Second: I’m incredibly excited about the potential this unlocks for us in the years to come. Other companies have approached us in the past, and when Cisco initially presented us with an offer, while flattered, we didn’t think it would progress further than previous similar discussions. However, over the course of our conversations, we got to know Cisco better as a company and as individuals. And every interaction has reinforced that we share a common vision and worldview. It became clear that they were the right partner and that now was the right time. We didn’t decide to sell OpenDNS. We decided to sell OpenDNS to Cisco. That’s an important distinction.

When Cisco made a compelling case that we would be stronger together, we agreed. We’re confident about this next move for us. Cisco has great respect for the technology we’ve built and taken to market, for our incredible team, and for our culture. Cisco is not buying OpenDNS for our individual components, but for the whole. I will speak more about this today and over the coming weeks.

Third: We believe we can move faster and with more impact by leveraging Cisco’s scale and resources in a way that we would be unable to do on our own or with any other partner. Just look up how many of their endpoint clients are installed (over 100 million!) or routers and firewalls deployed!

So what happens next? Our jobs will be the same as they were yesterday. In fact, because this is such a big deal, we need to go through some anti-trust clearance and other closing conditions before we finalize the transaction. That will take anywhere between six and eight weeks, maybe less. Going forward our goals and vision remain unchanged. Help the world connect with confidence on any device, anywhere, anytime by designing, developing and building world-class security services for the customers who rely on us.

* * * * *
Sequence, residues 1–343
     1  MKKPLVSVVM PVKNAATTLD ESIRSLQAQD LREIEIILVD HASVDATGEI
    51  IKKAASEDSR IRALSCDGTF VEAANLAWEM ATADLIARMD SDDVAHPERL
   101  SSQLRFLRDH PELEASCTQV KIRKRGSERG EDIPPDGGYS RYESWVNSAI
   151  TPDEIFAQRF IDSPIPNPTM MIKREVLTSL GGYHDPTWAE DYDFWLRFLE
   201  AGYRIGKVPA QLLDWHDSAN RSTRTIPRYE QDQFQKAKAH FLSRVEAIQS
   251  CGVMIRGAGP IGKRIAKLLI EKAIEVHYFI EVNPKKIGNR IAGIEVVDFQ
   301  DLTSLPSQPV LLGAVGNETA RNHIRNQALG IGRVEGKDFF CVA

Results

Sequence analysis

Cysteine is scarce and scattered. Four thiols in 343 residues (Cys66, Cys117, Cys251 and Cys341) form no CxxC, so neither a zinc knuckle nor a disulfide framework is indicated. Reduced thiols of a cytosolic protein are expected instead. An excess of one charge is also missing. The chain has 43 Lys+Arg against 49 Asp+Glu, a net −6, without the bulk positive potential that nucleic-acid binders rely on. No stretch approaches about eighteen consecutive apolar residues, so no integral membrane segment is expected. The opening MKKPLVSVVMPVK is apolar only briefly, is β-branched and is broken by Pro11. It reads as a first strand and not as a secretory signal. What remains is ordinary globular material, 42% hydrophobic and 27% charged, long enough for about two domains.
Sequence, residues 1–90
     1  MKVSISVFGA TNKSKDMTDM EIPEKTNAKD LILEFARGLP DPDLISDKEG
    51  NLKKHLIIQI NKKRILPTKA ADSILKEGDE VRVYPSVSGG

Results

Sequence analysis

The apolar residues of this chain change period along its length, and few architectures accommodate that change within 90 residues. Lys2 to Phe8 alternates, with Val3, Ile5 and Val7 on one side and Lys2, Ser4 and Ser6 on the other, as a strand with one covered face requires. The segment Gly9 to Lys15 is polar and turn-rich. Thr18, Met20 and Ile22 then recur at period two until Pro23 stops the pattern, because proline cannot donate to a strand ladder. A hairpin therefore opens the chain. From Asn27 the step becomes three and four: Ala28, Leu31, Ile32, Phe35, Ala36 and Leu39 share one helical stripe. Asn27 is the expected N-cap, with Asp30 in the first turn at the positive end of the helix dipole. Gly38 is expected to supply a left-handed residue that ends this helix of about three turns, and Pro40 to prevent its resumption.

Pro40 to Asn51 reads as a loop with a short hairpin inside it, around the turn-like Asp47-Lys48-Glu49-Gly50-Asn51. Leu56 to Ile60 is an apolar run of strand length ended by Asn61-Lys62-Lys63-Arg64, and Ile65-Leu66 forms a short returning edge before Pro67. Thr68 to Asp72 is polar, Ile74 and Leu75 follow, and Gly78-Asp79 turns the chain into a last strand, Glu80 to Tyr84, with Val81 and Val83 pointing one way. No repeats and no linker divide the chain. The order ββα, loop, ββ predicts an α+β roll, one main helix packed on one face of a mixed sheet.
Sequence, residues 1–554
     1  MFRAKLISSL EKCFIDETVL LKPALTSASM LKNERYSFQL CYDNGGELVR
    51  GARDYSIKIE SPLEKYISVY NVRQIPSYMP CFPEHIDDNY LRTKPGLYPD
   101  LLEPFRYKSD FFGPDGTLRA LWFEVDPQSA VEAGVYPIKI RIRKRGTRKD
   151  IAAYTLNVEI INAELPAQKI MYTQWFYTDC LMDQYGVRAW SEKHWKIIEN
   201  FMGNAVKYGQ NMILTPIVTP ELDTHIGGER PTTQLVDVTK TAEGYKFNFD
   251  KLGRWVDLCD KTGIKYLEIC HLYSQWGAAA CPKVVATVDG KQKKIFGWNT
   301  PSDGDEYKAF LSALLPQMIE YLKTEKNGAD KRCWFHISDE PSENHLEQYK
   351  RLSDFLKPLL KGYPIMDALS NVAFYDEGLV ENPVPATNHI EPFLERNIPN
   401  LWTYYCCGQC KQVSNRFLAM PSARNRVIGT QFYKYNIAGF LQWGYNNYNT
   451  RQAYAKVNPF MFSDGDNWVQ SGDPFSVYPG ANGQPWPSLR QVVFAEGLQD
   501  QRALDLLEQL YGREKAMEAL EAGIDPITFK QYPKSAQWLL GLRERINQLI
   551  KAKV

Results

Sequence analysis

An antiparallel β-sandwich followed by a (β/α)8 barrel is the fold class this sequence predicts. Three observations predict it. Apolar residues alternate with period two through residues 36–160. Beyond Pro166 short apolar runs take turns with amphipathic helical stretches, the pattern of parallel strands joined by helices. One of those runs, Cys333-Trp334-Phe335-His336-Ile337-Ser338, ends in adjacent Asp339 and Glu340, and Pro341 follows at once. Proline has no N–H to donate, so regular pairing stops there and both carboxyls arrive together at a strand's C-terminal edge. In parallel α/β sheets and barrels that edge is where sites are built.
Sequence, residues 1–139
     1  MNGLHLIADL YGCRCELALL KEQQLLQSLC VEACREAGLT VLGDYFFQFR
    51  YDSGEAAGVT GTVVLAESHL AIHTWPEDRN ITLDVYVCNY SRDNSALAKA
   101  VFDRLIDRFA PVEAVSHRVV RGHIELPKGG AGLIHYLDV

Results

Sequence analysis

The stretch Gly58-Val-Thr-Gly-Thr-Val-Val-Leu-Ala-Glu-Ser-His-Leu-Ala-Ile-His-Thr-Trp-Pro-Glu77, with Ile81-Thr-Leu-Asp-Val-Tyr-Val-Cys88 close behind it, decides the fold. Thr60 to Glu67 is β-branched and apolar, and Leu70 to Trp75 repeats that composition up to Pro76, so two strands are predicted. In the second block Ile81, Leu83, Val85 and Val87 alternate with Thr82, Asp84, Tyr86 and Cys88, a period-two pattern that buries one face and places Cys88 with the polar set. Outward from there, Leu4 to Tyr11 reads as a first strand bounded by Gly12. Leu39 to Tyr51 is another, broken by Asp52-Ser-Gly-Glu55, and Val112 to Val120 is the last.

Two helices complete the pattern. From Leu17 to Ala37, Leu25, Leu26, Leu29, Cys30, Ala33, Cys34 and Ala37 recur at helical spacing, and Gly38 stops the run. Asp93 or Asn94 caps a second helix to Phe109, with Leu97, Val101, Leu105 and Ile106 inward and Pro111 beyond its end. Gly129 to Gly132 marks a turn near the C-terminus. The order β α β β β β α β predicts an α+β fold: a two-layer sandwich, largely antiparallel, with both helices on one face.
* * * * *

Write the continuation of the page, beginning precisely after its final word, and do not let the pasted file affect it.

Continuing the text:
Right now you should pause for a moment and be proud. Whether you have been here for five years or five weeks or five days, the company that you joined was the right one, and will continue to be the right one. We have developed pioneering security services, delivered them to market, and had great fun while doing it. All of this is an amazing accomplishment. I am confident that we have many more accomplishments to celebrate ahead of us.

On a personal note, I love working with all of you. I am so proud of the company we have built together. As I’ve said in meetings before, this kind of thing doesn’t just happen. It takes hard work and really is something special. Very few companies ever achieve a level of success like we have. In case any of you are wondering, I’m not going anywhere. I love what I do, working with all of you, shipping incredible security products, and I’m excited to keep doing that at Cisco. Over the coming months we will be working with each of you on becoming Cisco employees. This will be a collaborative process, just as most things are here.